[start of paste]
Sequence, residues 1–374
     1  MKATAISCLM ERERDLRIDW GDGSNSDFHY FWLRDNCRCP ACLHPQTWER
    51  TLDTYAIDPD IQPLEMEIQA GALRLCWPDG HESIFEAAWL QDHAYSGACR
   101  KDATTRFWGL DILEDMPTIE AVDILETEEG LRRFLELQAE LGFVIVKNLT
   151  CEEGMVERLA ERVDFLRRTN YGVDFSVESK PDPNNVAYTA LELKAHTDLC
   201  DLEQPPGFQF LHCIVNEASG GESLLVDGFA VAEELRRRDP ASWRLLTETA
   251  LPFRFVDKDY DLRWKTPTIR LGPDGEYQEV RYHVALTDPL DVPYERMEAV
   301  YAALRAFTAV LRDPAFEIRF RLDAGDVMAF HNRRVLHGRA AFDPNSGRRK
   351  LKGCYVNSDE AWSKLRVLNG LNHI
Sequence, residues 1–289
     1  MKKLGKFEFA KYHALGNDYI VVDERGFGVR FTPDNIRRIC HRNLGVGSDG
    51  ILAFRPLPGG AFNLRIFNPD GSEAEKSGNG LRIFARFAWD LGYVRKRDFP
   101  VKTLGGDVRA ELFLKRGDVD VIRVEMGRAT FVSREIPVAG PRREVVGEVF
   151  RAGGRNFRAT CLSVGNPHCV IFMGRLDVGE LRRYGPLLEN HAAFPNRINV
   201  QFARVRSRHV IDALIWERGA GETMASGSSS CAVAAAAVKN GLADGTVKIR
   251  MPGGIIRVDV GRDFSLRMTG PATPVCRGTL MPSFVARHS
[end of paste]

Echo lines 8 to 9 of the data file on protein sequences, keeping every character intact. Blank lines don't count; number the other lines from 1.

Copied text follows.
   301  YAALRAFTAV LRDPAFEIRF RLDAGDVMAF HNRRVLHGRA AFDPNSGRRK
   351  LKGCYVNSDE AWSKLRVLNG LNHI